Mid-Autumn Festival

Intangible Cultural Heritage

Mid-Autumn Festival

The Mid-Autumn Festival, or the Mooncake Festival as it is commonly known in Singapore, is celebrated by Chinese communities all around the world. It falls on the 15th day of the eighth month of the Chinese Lunar Calendar, when the moon is believed to be at its fullest. The festival is a time for families to bond together while consuming mooncakes, pomelos, and tea, while children often play with lanterns.

The Mid-Autumn Festival is likely to have origins in ancient worship practices of the moon, and served as a harvest festival to express gratitude to the gods. There are many myths surrounding the origins of the Mid-Autumn Festival, and the most common one is the story of Chang E (嫦娥), the wife of Hou Yi (后羿). Several versions of this myth exists, and in a commonly cited version, she drinks the elixir of immortality to save her people from the eternal tyranny of an immortal Hou Yi, who had become an arrogant and domineering ruler. When Chang E drank the elixir, she found herself transported to the heavens. Chang E has been traditionally worshipped by the Chinese community as the Moon Goddess. Other myths associated with the festival include the pounding of medicine by the Jade Rabbit (玉兔捣药) and Wu Gang, the woodcutter (吴刚伐桂).

The festival is also linked to the war between the Han Chinese resistance army and the Yuan Dynasty in the mid-14th century. According to folklore, the rebellion used mooncakes to hide messages that called for an uprising on the night of mid-autumn.

Geographic Location

The Mid-Autumn Festival is celebrated in various parts of the world where there are Chinese communities.

In Singapore, celebrations take place in clan associations and community centres which hold activities during the Mid-Autumn Festival, as well as in spaces within neighbourhoods and households.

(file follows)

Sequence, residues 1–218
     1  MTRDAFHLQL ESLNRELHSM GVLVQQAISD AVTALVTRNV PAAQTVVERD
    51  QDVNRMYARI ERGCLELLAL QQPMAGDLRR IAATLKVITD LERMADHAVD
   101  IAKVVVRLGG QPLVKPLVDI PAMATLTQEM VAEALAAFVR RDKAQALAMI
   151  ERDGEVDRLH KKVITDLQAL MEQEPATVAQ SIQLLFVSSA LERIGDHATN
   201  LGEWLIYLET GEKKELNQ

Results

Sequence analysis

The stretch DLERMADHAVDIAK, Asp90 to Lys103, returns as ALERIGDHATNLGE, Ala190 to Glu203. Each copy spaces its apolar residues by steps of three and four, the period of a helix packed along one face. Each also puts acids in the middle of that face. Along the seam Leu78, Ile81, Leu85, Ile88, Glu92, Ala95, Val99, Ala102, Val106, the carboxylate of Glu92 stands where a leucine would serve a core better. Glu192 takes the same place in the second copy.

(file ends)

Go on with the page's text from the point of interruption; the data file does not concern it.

Communities Involved

The Mid-Autumn Festival is widely celebrated across Singapore mainly by the Chinese community, and increasingly across other ethnicities. Families, schools, Chinese clan associations, and multi-ethnic workplace communities often partake in these celebrations.

Associated Social and Cultural Practices

Celebrations for this festival involves social gatherings and an opportunity to indulge in mooncakes.

The mooncake—a hallmark of the festival—is a round pastry traditionally filled with lotus-seed or bean paste and salted egg yolk. Its circular shape signifies domestic harmony and the fullness of the moon. Non-traditional mooncakes include the “snow skin” mooncakes and new flavours or forms, which may include ice-cream, chocolate and other sweet fillings. They are packaged and eaten like desserts.

It is common for mooncakes to be exchanged as gifts between businesses and clients, employers and employees, and family and friends. This exchange symbolises respect and esteem.

Another hallmark of the festival is the lighting and carrying of lanterns. These lanterns were originally used as spiritual offerings in the past. On the night of the festival, children are often seen carrying lanterns of all shapes and sizes in and around their housing estates, against the backdrop of the full moon in the night sky.

Experience of a Practitioner

One person who has fond memories of Mid-Autumn Festivals is Madam Au Yue Pak. Madam Au is an elder and council member of the Kong Chow Wui Koon Clan Association. The Association organises celebratory gatherings for members during the Mid-Autumn Festival, and shares the associated traditional beliefs and practices with the younger generation. As a child, Madam Au and her family prayed to the Moon Goddess and lit a single lantern with a candle on the day of the festival. Offerings included incense, tea or wine, mooncakes, pomelos, yams, and melons. The family would cook bee hoon (a type of noodles) for dinner before indulging in mooncakes for supper.

While the celebratory element of the festival remains strong, the traditional theme of harmony and home does not feature as strongly for younger Singaporeans. Elders like Madam Au have observed a waning interest in the festival’s traditional practices, songs, folklore, and history among the youth. She feels that many people now practise only the custom of consuming mooncakes and tea.

Present Status

Every year, an increasing variety of mooncake flavours and lantern designs—even featuring popular cartoon superheroes and video game characters—are available to attract a growing demographic beyond the Chinese community. Madam Au welcomes such innovations, and considers them helpful in keeping the traditions of the Mid-Autumn Festival relevant in an ever-changing society.

There has also been a renewed emphasis in local schools on teaching and learning about local cultural diversity, where teachers are helping students to appreciate the significance of popular celebrations such as the Mid-Autumn Festival. The festival remains widely celebrated by families as a time of reunion and celebration, and is likely to remain an important practice among the Chinese community in Singapore.


Reference No.: ICH-025

Date of Inclusion: April 2018; Updated March 2019


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